I will admit to a small bias against poetry. Despite studying it, writing it, promoting it, I’ve always had a hard time getting excited about reading poetry. So when I flipped this open and saw it was in verse, there was a momentary pause, I put it down and came back to it later. And I’m very glad that I returned to this!
In free verse, this tells the story of the slave, known as “Dave,” purchased in 1815. His owner, Harvey Drake, is a potter and he teaches Dave the art of pottery. Harvey also happens to violate the law, and teaches Dave to read and write as well. Dave becomes an expert potter, often marking his pots with bits of writing.
Despite the short, free verse poems, we manage to learn a lot about what it’s like to be a slave (having wives sold and sent away; the dangers of knowing too much; etc) and about life in the 1800’s and about pottery. It’s quite remarkable how much I picked up in this brief volume targeted toward elementary school readers. The writing captures a mood and tone of the era quite well.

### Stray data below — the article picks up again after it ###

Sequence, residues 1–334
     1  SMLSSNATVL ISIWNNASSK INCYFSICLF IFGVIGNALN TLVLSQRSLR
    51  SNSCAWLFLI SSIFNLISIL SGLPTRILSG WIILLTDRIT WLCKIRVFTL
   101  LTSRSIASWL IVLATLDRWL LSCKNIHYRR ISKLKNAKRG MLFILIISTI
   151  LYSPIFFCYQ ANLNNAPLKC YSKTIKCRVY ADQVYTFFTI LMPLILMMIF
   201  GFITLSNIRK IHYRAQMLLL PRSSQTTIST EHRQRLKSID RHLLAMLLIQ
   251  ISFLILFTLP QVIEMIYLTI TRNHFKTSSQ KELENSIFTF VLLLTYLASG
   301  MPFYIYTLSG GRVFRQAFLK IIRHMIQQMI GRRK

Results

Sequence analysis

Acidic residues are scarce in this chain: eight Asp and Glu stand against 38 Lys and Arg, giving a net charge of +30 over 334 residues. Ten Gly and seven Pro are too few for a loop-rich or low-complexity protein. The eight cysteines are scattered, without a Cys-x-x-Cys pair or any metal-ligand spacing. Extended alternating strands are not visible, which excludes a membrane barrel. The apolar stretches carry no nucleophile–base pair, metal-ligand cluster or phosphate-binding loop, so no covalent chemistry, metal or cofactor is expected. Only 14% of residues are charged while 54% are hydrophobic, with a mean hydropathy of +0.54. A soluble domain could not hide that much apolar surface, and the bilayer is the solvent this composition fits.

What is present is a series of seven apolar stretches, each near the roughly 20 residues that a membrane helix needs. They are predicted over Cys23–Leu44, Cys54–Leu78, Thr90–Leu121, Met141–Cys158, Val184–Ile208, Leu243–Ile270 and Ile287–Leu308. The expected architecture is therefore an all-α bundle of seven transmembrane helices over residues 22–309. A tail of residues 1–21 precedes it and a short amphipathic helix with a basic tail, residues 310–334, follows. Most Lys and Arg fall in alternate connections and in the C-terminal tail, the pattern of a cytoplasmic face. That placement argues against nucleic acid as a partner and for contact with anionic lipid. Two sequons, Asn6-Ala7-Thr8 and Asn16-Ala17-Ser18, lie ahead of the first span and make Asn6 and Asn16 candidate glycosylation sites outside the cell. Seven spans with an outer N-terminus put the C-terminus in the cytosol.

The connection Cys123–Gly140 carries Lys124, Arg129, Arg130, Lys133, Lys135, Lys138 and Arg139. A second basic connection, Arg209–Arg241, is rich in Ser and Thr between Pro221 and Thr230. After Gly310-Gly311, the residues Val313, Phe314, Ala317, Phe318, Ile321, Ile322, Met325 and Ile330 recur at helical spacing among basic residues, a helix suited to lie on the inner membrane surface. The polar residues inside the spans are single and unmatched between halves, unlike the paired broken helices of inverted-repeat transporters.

I finished the book, feeling richer for what I learned, but also wanting to know more about pottery at this time, slavery and the fight for freedom, and the region in which this clay was found and turned in to pottery. Wanting to learn more is always good (provided it’s not because we didn’t learn anything).
Looking for a good book? This is all-around a fantastic, quick read. Aimed at young readers, adults should feel enriched after reading it to their children.
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Etched in Clay: The Life of Dave, Enslaved Poetter and Poet
author: Andrea Cheng
publisher: Lee & Low Books
hardcover, 160 pages